ACI 533.5R-2020 Guide for Precast Concrete Tunnel Segments.
6.1.2 Beam-spring method—Using the beam-spring (also known as bedded beam) method endorsed by AASHTO DCRT-1, JSCE 2007, and ÖVBB 2011, the lining can be modeled in the cross-sectional plane as a series of beam elements that span between the longitudinal joints of the segments. As shown in Fig. 6.1.2(a), the interaction between the ground and the lining is modeled in two-dimensional domain using translational springs in the radial and tangen- tial directions. When modeling in three-dimensional domain, interaction of lining with the ground in longitudinal direc- tion of the tunnel is also modeled by longitudinal springs accordingly. Because the lining and ground are represented by a series of beams and springs, this method is referred to as the beam-spring or bedded-beam method. In the U.S. tunnel industry, the stifness of the springs is generally calculated using formulas recommended by USACE EM 1110-2- 2901 (Eq. (6.1.1a)). Furthermore, various two-dimensional approaches are used to evaluate efects of the segment joints, including solid ring models with fully bending rigidity, solid ring models with reduced bending rigidity (Muir Wood 1975), ring models with multiple hinged joints, and ring models with rotational springs. However, two-dimensional models cannot be used to represent circumferential joints or staggered arrangement of segments between rings.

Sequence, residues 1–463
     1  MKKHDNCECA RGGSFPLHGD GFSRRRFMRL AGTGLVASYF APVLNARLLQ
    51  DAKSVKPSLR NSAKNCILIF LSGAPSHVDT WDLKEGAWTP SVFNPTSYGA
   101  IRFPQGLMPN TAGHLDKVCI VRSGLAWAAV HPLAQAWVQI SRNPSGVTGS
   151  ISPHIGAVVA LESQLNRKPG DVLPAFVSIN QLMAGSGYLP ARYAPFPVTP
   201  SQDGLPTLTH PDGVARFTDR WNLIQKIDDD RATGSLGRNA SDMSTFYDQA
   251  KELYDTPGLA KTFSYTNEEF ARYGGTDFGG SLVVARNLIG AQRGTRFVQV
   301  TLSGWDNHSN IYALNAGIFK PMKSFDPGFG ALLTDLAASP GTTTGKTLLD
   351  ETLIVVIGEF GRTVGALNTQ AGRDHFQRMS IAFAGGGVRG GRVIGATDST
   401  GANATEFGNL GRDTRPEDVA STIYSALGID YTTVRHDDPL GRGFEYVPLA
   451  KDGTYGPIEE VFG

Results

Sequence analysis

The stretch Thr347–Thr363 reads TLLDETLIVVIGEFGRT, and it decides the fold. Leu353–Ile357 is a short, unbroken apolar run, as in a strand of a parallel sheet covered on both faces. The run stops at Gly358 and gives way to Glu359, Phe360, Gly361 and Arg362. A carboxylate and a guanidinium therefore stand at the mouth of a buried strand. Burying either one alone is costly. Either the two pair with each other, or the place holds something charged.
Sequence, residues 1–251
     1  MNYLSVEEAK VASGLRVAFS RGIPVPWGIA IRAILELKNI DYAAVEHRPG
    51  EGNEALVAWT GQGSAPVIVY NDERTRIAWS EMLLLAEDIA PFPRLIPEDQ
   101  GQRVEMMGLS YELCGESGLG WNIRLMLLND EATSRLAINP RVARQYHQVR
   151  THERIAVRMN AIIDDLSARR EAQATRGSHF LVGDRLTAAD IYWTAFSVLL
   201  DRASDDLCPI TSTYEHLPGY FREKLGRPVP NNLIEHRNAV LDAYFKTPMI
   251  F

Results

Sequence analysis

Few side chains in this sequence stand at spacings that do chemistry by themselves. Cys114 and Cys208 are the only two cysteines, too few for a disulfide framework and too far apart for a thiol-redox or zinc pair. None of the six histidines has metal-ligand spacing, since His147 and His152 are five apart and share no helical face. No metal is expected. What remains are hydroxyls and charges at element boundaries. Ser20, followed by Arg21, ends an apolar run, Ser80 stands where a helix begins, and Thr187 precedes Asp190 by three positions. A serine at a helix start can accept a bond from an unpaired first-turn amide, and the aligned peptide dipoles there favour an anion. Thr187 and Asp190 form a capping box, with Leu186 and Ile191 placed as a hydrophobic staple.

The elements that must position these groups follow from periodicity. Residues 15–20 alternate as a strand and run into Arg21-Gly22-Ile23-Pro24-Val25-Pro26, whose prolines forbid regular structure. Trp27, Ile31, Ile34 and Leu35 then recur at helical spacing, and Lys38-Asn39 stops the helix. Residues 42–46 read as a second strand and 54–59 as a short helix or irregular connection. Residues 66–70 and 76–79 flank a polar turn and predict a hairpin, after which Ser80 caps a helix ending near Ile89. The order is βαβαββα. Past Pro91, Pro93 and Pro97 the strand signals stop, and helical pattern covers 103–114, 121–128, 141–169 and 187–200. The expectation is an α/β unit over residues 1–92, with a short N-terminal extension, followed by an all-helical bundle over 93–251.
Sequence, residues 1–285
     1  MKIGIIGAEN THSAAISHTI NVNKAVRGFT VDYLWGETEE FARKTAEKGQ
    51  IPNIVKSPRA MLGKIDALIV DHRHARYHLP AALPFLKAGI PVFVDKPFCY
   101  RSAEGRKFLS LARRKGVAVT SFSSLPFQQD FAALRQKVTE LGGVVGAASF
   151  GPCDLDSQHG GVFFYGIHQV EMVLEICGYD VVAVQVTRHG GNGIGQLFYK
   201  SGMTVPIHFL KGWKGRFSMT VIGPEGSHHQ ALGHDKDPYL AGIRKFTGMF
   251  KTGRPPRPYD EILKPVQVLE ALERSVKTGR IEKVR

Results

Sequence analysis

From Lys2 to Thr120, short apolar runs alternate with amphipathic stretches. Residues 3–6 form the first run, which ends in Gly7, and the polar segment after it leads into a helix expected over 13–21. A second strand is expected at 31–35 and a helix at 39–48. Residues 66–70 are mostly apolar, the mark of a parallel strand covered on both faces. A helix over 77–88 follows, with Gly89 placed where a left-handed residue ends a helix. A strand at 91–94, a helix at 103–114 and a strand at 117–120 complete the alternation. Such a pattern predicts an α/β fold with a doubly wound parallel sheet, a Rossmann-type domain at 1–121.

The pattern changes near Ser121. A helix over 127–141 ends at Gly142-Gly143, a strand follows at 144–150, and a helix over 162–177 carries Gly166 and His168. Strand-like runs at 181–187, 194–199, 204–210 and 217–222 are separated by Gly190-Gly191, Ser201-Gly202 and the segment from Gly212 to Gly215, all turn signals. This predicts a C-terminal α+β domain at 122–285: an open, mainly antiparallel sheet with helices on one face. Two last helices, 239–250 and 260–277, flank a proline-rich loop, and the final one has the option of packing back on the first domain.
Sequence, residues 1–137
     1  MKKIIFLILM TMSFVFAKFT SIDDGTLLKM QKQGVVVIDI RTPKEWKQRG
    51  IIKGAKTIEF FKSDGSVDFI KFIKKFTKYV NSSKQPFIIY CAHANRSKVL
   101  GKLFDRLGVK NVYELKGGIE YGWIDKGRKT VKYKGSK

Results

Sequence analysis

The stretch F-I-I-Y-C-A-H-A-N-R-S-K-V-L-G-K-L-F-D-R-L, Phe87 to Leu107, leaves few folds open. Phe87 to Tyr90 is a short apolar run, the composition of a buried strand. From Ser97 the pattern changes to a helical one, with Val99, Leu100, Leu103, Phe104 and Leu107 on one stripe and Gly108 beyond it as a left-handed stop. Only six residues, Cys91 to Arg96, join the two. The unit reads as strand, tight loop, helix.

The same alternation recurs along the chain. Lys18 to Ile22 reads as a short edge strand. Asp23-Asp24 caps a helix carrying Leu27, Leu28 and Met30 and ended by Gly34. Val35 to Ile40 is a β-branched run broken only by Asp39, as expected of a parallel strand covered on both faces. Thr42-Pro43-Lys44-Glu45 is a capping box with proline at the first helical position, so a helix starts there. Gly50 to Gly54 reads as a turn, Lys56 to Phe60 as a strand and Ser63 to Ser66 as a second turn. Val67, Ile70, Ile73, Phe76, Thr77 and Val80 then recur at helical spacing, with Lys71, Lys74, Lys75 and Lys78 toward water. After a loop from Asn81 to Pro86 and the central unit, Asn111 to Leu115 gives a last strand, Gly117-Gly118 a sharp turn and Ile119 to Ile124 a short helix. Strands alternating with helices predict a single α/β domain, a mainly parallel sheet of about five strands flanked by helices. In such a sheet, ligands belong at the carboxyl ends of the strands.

6.1.3 Finite element method and discrete element method simulations—In soft ground, loose rock, and partially homo- geneous solid rock, ÖVBB 2011 and AFTES-WG7 recom- mend using FEM and fnite diference method (FDM) to calculate the forces in the tunnel lining. The discrete element method (DEM), as shown in Fig. 6.1.3a, is generally consid- ered more appropriate for tunnels in fractured rock. Recom- mended engineering properties for analysis of segmental lining in the rock formations includes properties of intact rock such as unit weight; modulus of elasticity; unconfned compressive strength (UCS); internal friction angle; tensile strength; and properties of discontinuities such as joint spacing, joint apparent dip direction, and joint apparent dip. Other required discontinuities parameters for a DEM modeling, as shown in Table 6.1.3 for a typical tunnel boring machine (TBM)-bored tunnel in rock, includes peak joint friction angle, peak joint cohesion, residual joint friction angle, residual joint cohesion, joint normal stifness, joint shear stifness, E int /E mass , geological strength index (GSI), and M i , which is a material constant for the intact rock based on Hoek-Brown failure criterion (Hoek and Brown 2018). In rock tunneling, a two-dimensional approach is generally sufcient for continuous linear structures that do not contain sudden changes in cross-sectional geometry or high concen Fig. 6.1.3a—DEM model and developed internal forces along the lining perimeter as a result of DEM analysis on large-diameter tunnel excavation in fractured rock: (a) axial forces; and (b) bending moments.ACI 533.5R pdf download.